Three Principles Living

Judith A. Sedgeman, EdD

The Identity Trap

The Identity Trap

In just the past week, I’ve had discussions with various people who said the following things. I’m sure you could reflect on your week and come up with similar examples that others have said or you have said about yourself.

“I’m such a Type A. I only do three-day weekends. I’d love to take that cruise with my friends, but I could never handle a long vacation.”

“I’m a total shopaholic. I really can’t afford this and I’ll probably regret it, but once I try on something that looks good on me, I have to buy it.”

“I would love to adopt a dog, but I could never do it. I know I would not walk it every day. I’m too much of a selfish free spirit to live by some animal’s schedule.”

“I’m a nerd. Always was. I’d love to make friends, but people don’t like me. So I avoid them.”

To sum them all up: “I’ve locked myself  in a psychological cage, so I can’t let myself follow my heart or listen to my common sense.”

It’s easy to forget where our “identities” come from, and how to let them go if they’re not working out for us.  I can’t think of any mothers of infants who would say their babies were born Type A’s, or shopaholics, or selfish free spirits, or nerds. We look at babies as just little human beings, full of promise and possibilities, who can follow their dreams and inclinations in any direction. We all recognize, with small children, that they will shape their futures the way they shape silly putty, changing their minds often along the way. We laugh and clap when the little boy or girl who wanted to be a sheriff last week decides this week to be an astronaut, or maybe a teacher, or a chef, or an architect. We watch them soar into joy,  droop into sadness, careen into excitement, settle into boredom, and we don’t worry about it. We accept without question that children’s minds are open fields in which they can run and play, and zig and zag.

Then, if no one tells them how thinking really works, our children, just as we did, grow up and learn to take some thoughts more seriously than others. And the next thing we know, they’ve created a whole story about themselves, and they start living as though they were characters in a novel from which there is no escape. Who knows where those serious ideas came from? Something a teacher said. Something on TV. Something they started ruminating about all on their own. Something that scared them. Something in a book. Something their parents thought. It wouldn’t help to track them down; it doesn’t help to analyze them.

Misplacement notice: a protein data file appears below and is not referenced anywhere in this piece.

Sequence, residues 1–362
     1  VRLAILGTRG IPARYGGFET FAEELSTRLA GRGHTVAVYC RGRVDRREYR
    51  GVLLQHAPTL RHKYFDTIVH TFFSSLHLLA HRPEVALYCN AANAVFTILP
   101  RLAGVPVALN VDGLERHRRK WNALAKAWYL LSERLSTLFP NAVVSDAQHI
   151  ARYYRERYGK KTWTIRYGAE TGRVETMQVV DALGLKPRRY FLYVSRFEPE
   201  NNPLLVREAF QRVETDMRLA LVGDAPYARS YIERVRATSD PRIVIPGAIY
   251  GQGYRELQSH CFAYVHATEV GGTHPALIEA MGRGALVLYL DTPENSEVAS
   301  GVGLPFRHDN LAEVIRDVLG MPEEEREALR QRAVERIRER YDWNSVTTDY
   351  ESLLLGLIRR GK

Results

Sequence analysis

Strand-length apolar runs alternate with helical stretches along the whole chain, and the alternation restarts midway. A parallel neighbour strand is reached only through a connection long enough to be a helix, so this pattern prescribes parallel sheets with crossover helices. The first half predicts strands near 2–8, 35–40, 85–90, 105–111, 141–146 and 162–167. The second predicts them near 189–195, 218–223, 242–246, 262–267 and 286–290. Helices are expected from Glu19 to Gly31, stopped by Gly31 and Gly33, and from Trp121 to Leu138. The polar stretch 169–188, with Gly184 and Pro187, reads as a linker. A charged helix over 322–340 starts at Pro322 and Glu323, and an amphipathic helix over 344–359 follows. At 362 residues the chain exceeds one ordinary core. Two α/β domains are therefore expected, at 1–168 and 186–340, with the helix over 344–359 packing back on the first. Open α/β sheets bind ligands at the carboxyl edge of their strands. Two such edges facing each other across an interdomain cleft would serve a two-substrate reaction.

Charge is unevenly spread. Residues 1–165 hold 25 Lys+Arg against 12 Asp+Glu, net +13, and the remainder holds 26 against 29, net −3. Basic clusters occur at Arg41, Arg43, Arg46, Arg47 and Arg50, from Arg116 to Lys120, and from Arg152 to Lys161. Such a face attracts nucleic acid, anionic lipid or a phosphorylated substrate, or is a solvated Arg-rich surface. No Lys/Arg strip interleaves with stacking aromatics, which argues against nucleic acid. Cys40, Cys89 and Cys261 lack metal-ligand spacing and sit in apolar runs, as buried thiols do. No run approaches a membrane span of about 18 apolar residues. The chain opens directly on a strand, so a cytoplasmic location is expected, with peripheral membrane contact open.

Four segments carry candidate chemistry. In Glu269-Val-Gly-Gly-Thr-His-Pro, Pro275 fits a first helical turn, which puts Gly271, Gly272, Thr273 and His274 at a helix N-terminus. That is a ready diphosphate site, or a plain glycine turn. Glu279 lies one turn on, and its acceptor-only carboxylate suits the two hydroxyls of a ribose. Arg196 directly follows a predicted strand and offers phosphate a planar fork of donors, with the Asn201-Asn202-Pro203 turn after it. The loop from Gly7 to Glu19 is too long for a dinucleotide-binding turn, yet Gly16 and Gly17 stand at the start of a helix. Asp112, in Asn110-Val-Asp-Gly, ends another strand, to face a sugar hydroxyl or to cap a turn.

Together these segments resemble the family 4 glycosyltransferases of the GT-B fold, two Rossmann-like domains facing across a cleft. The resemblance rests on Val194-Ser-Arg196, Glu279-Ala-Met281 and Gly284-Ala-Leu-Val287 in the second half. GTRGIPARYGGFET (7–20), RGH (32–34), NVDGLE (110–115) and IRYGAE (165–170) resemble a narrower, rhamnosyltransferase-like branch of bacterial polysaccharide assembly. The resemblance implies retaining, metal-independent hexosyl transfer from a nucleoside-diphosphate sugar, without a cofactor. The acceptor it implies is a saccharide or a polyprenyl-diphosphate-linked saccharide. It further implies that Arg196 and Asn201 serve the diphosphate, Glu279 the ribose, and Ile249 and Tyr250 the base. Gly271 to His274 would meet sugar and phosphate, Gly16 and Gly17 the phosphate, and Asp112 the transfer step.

What helps is knowing that no matter how a whole construct of thinking about ourselves started or developed, the simple fact is we made it up. We chose, at some point, to think about it and then think about it some more, and then take those thoughts to heart. And anything we make up, we can change. To put it another way. The thoughts we think and take more or less seriously are products of our own power to think. If we don’t imagine them into form, they can’t get into our experience of reality. We can’t help what comes to mind because we can think anything and thinking is a constant process. Thoughts pop into our heads almost at random, invited or uninvited. But we can certainly help what we think about what comes to mind, and how seriously we take it, and what we do with it. We certainly can understand the process of creating thoughts as a human gift, a life capacity that allows us to navigate our path through time. We decide what is just a passing thought and what is a really big-deal, serious, important thought that we need to keep re-thinking and ponder. When we don’t realize that we’re the thinkers of our own thoughts and the deciders about what to do with them once we’ve thought them, it’s really easy to get caught in a trap of our own making, a set of thoughts we believe are “the way it is” because we’ve thought so much about them they seem really true.

They didn’t start out that way. Every thought that comes to mind has the potential to be a passing thought, or not. Every thought we’ve taken seriously will pass into nothingness as soon as we leave it alone, let it go, soften our focus on it if and when it pops up again.

It’s not really complicated to understand. It’s just a matter of an insight into how it all works. I heard a former prisoner talk one time about how he “cleaned up” and stopped committing crimes. “I went to this class about how thinking works while I was in prison,” he said. “And I realized that everyone has criminal thoughts from time to time. But only criminals take them seriously. And I didn’t have to be a criminal. I could just let those thoughts pass and wait for something better to come to mind.”

1 Comment
  • Judy, This is an interesting take on identity formation… I just shared it with my Counseling cohort on Facebook to see what they think!

    August 11, 2010 at 9:49 am

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